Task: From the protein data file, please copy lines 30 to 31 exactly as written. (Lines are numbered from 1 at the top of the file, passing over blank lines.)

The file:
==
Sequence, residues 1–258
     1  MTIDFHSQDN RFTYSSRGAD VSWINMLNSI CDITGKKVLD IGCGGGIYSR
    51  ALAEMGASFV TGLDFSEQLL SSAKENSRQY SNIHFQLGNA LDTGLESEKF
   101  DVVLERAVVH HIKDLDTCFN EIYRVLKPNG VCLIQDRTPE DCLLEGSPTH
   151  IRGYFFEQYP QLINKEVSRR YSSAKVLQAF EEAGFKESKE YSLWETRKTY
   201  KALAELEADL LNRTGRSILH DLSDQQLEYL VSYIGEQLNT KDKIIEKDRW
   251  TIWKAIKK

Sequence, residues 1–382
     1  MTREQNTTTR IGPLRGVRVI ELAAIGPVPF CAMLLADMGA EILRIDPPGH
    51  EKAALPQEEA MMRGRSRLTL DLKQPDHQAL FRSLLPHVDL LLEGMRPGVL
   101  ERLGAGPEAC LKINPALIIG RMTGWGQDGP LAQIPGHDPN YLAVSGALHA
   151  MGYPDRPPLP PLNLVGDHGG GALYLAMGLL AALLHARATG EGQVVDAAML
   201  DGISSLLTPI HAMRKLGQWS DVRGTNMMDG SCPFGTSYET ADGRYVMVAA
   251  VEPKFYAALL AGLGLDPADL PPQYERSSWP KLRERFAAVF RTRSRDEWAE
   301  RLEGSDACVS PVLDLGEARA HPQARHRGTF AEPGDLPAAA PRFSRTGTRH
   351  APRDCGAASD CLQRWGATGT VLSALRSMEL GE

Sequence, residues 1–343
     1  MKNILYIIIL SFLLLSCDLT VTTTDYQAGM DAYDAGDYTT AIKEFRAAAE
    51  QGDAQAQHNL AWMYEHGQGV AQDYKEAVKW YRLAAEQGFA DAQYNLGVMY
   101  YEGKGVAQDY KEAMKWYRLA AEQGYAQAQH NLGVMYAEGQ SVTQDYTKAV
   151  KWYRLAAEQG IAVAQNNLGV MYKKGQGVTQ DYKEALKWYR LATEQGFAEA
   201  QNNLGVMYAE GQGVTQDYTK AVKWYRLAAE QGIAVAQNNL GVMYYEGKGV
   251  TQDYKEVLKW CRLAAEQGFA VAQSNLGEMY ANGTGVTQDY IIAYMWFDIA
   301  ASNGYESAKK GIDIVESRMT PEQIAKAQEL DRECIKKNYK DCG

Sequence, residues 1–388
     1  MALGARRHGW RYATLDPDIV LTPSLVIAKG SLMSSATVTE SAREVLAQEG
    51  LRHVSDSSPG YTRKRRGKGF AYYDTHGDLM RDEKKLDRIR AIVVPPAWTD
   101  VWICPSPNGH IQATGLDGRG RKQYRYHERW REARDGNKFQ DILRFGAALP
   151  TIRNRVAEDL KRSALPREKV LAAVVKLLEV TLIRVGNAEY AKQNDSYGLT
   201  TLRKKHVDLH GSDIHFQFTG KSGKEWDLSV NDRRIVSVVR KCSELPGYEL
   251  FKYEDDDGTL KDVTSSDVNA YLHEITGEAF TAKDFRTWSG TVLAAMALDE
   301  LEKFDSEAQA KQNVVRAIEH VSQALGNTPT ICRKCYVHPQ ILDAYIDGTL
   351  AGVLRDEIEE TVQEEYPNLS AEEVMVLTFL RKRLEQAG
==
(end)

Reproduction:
   201  TLRKKHVDLH GSDIHFQFTG KSGKEWDLSV NDRRIVSVVR KCSELPGYEL
   251  FKYEDDDGTL KDVTSSDVNA YLHEITGEAF TAKDFRTWSG TVLAAMALDE